Live load surcharges are considered to be transient loadings that may change in magnitude and may not be continuously present over the service life of the structure. In this design methodology, live load surcharges are considered to contribute to destabilizing forces only, with no contribution to stabilizing the structure against external or internal failure modes. Examples of live load surcharges are vehicular traffic and bulk material storage facilities.
Dead load surcharges, on the other hand, are considered to contribute to both destabilizing and stabilizing forces since they are usually of constant magnitude and are present for the life of the structure. The weight of a building or another retaining wall (above and set back from the top of the wall) are examples of dead load surcharges.
Table 1 summarizes the influence of increasing the wall batter, increasing the unit width, increasing the unit’s in-place density, and using better quality backfill on the maximum constructible height of a gravity SRW to satisfy sliding and overturning.
Figures 3 through 5 summarize the influences wall geometry, backslope and soil shear strength have on the minimum required reinforcement length to satisfy base sliding, overturning and pullout for a reinforced SRW.
These design relationships were generated using conservative, generic properties of SRW units. They are not a substitute for project-specific design, since differences between properties assumed in the tables and project-specific parameters can result in large differences in final design dimensions or factors of safety. Although wall heights up to 8 ft (2.44 m) for conventional (gravity) walls and 14 ft (4.28 m) for soil-reinforced walls are presented, properly engineered walls can exceed these heights.
For a detailed discussion of design and analysis parameters, the Design Manual for Segmental Retaining Walls (ref. 1) should be consulted. Design cases 1 through 16 are illustrated in Figure 1. All results shown were calculated using the software SRWall 4.0 (ref. 2) providing the appropriate geosynthetic lengths to satisfy sliding, overturning, and pullout (reinforced walls only) safety factors; or the maximum gravity wall height to satisfy sliding, overturning and internal shear. The final number, distribution and strength of the geogrids can only be determined by a designer for each specific SRW unit-geogrid combination to guarantee the appropriate safety factors for internal, facial stability and Internal Compound Stability (ICS) are met (for more detailed information, see Reference 1). The ICS can be met by reducing the geogrid spacing or increasing the grid length or strength: the examples presented here were calculated by reducing the geogrid spacing and maintaining the maximum and minimum geogrid lengths for convenience. See TEK 15-4B, Segmental Retaining Wall Global Stability, (ref. 4) for more detailed information.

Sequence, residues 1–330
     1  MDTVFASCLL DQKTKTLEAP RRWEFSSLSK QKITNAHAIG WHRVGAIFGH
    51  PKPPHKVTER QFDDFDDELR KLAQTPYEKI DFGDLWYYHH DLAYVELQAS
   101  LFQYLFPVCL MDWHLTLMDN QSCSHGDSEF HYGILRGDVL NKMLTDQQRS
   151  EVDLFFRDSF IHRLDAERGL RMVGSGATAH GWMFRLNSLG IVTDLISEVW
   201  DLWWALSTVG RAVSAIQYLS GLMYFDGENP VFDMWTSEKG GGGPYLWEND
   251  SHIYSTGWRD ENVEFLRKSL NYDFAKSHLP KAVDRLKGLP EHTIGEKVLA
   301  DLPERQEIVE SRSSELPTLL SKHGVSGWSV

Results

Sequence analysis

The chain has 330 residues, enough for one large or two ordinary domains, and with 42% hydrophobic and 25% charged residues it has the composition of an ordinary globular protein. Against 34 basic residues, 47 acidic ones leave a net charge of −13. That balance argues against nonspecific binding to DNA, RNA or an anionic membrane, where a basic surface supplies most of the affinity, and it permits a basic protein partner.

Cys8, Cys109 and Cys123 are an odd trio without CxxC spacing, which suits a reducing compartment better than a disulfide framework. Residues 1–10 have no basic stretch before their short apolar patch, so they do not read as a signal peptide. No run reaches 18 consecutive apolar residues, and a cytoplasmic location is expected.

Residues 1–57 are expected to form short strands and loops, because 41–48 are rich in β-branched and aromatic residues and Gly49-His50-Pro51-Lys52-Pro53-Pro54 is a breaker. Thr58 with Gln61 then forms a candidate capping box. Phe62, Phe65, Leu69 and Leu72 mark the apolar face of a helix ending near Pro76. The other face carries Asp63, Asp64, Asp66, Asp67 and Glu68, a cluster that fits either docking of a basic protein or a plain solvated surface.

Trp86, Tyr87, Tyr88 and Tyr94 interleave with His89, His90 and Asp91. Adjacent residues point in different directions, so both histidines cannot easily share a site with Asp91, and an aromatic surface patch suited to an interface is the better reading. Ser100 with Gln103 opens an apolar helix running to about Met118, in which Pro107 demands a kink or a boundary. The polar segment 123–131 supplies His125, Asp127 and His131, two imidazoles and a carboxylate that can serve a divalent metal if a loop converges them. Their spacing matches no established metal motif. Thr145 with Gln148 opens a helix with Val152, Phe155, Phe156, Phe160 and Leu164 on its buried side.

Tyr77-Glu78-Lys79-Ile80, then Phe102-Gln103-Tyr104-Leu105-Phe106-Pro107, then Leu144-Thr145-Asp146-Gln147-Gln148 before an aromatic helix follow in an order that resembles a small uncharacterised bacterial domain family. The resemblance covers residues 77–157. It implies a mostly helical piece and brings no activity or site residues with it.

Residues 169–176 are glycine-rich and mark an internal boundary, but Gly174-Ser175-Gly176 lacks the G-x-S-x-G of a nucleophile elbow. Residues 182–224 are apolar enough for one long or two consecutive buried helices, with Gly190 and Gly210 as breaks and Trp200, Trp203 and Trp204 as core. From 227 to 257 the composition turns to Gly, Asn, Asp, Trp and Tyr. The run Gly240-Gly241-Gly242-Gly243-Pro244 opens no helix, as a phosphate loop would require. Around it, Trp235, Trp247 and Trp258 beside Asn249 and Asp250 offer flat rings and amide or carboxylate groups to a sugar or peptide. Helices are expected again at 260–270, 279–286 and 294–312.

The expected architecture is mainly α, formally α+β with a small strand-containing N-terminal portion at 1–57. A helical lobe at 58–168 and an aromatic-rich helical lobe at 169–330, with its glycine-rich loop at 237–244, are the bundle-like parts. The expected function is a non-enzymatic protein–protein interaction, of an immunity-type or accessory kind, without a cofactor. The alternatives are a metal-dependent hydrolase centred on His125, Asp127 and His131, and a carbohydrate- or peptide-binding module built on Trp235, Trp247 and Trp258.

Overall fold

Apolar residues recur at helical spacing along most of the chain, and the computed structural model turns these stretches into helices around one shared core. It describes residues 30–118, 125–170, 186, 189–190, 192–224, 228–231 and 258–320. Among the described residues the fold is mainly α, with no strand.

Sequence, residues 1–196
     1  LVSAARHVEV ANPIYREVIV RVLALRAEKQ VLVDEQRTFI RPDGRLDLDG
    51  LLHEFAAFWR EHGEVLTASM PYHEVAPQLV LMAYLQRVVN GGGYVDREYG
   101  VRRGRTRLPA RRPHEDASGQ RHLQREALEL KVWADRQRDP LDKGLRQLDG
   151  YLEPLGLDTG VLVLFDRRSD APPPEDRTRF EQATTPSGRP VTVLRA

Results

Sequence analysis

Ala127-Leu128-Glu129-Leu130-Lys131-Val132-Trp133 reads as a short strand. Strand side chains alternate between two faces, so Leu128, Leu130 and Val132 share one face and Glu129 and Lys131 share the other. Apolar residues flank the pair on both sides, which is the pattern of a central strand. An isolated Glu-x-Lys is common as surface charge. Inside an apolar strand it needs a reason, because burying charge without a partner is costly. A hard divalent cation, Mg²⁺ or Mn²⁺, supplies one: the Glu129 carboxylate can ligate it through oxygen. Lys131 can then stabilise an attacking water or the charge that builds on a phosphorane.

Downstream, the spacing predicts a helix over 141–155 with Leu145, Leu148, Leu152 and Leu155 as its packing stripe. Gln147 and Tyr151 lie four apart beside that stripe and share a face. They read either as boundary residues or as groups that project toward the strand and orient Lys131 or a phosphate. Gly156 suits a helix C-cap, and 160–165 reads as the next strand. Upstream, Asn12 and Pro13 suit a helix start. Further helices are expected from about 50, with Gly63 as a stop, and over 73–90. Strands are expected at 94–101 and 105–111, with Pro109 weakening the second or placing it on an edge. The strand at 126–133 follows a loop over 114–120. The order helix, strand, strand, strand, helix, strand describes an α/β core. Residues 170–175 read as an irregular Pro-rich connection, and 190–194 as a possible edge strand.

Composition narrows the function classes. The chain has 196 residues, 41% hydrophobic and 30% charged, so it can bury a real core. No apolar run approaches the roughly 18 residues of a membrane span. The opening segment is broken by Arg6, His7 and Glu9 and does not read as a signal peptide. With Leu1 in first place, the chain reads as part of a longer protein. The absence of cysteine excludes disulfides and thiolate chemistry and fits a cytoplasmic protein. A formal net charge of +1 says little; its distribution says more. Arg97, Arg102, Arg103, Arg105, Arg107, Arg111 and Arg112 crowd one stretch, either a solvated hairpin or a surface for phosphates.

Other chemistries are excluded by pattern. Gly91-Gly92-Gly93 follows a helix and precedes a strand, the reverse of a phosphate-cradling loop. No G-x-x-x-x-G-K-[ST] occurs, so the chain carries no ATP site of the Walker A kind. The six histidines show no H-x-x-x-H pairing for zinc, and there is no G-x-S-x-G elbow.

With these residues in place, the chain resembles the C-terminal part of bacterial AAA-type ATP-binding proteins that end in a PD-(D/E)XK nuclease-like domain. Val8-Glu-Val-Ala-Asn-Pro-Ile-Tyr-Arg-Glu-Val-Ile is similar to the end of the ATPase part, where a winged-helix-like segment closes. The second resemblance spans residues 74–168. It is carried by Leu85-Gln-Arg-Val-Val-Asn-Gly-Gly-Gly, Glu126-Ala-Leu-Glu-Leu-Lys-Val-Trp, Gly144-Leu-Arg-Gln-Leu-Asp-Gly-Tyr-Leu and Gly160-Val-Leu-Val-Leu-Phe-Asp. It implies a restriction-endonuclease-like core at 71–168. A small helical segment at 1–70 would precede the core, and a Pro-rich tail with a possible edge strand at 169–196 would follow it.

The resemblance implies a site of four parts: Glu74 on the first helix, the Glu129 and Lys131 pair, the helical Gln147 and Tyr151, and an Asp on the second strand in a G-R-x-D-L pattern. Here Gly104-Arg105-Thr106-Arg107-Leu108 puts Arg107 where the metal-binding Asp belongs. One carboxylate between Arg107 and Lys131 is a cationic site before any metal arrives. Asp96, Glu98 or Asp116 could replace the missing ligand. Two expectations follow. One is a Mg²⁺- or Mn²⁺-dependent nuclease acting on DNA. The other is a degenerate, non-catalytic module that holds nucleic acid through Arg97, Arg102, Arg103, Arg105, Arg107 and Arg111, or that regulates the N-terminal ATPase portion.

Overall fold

Large or commercial SRWs might also require foundation soil competency, settlement, and global stability analyses for a final design in coordination with other professionals in the project that are not addressed here (for more details on roles and responsibilities see TEK 15-3A, Roles and Responsibilities on Segmental Retaining Wall Projects (ref. 5)). If the foundation and global analyses ultimately require a modification to the wall design, this must be done in coordination with the SRW designer.
A reinforced SRW is specified for a project that has the following characteristics:
H= 10 ft (3.0 m)
Live surcharge= 0 psf
All soils Φ= 28° and γ = 120 pcf (1,922 kg/m³)
Determine the approximate geogrid lengths (L) at the bottom and top of the retaining wall.
Determine the case that applies to this problem using Figure 1: Case 5 for this example. Using Figure 4 (3:1 backslope), find L/H for the given soil conditions and for the design height of 10 ft (3.0 m).
L/H= 0.71; Lbottom = 0.71 x 10 ft = 7.1 ft (2.2 m)
L/H= 0.92; Ltop = 0.92 x 10 ft = 9.2 ft (2.8 m)
For estimating purposes, the volume of excavation and reinforced fill could be determined from the obtained data. The number, strength and distribution of the geogrids can only be determined by a designer for the specific SRW unit-geogrid combination to comply with the appropriate safety factors for internal, facial stability and ICS. The ICS is dependent on the spacing, length and strength of the geogrids: the designer is encouraged to perform the appropriate calculations to verify the distribution of the geosynthetics.
Cds = direct sliding coefficient
Ci = interaction coefficient
E(n) = elevation of geosynthetic reinforcement above top of leveling pad, ft (m)
FS = factor of safety
H = total (design) height of wall, ft (m)
H’ = exposed height of wall, ft (m)
Hemb = wall embedment depth, ft (m)
Hu = height of segmental retaining wall unit, ft (m)
L = minimum length of geosynthetic reinforcement, including facing connection, ft (m)
q = vertical uniform surcharge load, lb/ft
Wu = width of segmental retaining wall unit, ft (m)
β = backslope angle from horizontal, degrees
γ = soil unit weight, pcf (kg/m³)
γf = weight of foundation soil, pcf (kg/m³)
γi = weight of infill soil, pcf (kg/m³)
γr = weight of retained soil, pcf (kg/m³)
μb = minimum masonry friction reduction factor
Φ = friction angle of soil, degrees
Φf = friction angle of foundation soil, degrees
Φi = friction angle of infill soil, degrees
Φr = friction angle of retained soil, degrees
ω = wall batter, degrees
- Design Manual for Segmental Retaining Walls, 3rd edition. National Concrete Masonry Association, 2009.
- Design Software for Segmental Retaining Walls, SRWall 4.0. National Concrete Masonry Association, 2009.
- Inspection Guide for Segmental Retaining Walls, TEK 18-11A. National Concrete Masonry Association, 2010.
- Segmental Retaining Wall Global Stability, TEK 15-4B. National Concrete Masonry Association, 2010.
- Roles and Responsibilities on Segmental Retaining Wall Projects, TEK 15-3A. National Concrete Masonry Association, 2010.